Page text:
Note: This is a review of the matinee on Saturday 8th February 2020.
The previous Gerald Barry opera I encountered, his version of The Importance of Being Ernest, was widely praised. I was much less convinced, and I really only booked for this because of my completionist tendency. It proved to be a tedious fifty five minutes.
But to start with the positives. The performances were of a very high standard. Jennifer France in the title role had a clear, piercing sound admirably suited to the high lying style of most of what vocal writing the work affords her. The supporting cast of Allison Cook, Carole Wilson, Nicky Spence, Robert Murray, Stephen Richardson and Alan Ewing all perform multiple roles in fine voices (again when allowed by the score to exercise them) and high energy commitment through many costume changes and running about the playing area. In the pit Thomas Ades draws crisp focused playing from the Royal Opera House Orchestra (in contrast to the last time I heard their partnership - a disappointing Rake's Progress) but can't disguise the shortcomings of the score in that department either.
For the fundamental problem is the work. Gerald Barry has again produced his own libretto drawing on Lewis Carroll's stories. As with his Wilde adaptation Barry once again seems determined to include as much text as possible, but he sets considerably less of it here. Instead there's an enormous amount of speech - sometimes but not always delivered as sprechgesang. It never made much sense to me why things were spoken or sung and the setting, if it can be called that when so much of it is spoken rarely achieves additional impact from the marriage of text and music. The score is limited in range. Barry borrows (Beethoven's Ode to Joy) and imitates (I particularly noted Mozart, Debussy and Weill) in all cases making this listener pine for the original. In the more original sections the orchestra tends to erupt, often with heavy use of brass. In so far as text is actually set, as opposed to spoken, there's a lot of textual repetition which tends to bore quite quickly.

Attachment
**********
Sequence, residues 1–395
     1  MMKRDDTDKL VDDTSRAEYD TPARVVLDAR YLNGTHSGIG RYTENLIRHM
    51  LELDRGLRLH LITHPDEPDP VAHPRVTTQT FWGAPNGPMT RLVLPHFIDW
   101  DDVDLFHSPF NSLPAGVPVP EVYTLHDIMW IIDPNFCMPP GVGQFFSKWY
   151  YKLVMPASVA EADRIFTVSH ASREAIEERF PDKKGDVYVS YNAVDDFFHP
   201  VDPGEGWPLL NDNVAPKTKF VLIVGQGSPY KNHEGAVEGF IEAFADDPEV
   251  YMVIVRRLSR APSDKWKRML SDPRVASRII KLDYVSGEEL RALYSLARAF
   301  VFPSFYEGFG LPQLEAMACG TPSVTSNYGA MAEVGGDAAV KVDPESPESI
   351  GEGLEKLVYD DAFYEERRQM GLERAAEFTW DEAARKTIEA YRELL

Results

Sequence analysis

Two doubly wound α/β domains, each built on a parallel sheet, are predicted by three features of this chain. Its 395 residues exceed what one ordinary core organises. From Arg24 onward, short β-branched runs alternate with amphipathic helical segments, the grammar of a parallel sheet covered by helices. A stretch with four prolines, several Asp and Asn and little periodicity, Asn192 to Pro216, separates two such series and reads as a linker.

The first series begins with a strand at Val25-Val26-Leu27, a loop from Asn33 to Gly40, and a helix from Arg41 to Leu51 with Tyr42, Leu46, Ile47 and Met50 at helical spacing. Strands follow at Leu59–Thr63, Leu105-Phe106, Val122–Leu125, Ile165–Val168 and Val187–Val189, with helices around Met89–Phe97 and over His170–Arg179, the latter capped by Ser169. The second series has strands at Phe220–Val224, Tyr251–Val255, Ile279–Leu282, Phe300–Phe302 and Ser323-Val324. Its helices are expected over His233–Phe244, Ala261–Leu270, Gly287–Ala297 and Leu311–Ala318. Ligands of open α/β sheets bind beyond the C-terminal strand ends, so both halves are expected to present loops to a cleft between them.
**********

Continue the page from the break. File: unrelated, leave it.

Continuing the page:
Overall it seemed to me that Barry was fundamentally engaged in mocking the genre of opera. I was reminded of the tendency of many modern playwrights to go on tediously about how difficult it is to write plays these days. If only Barry's mockery was funny - some around me laughed, but none of it did anything for me in that regard - indeed Barry rather sucks the humour out of Carroll's original. When we were subjected to Jabberwocky in a fourth language I felt like screaming.
Director and Designer Antony McDonald with whom this was, I think, my first encounter, throws activity at the problem - with a busy staging, endless changes of costume, and some rather half-hearted use of projections. There's nothing wrong with the visuals but they can't rescue the work.
Some around me were enthusiastic - certainly the performers deserved credit. It was also good to see so many children at the House, though I had the impression that at least some in my vicinity were not gripped by proceedings. Both myself and my partner were bored. To be avoided if revived.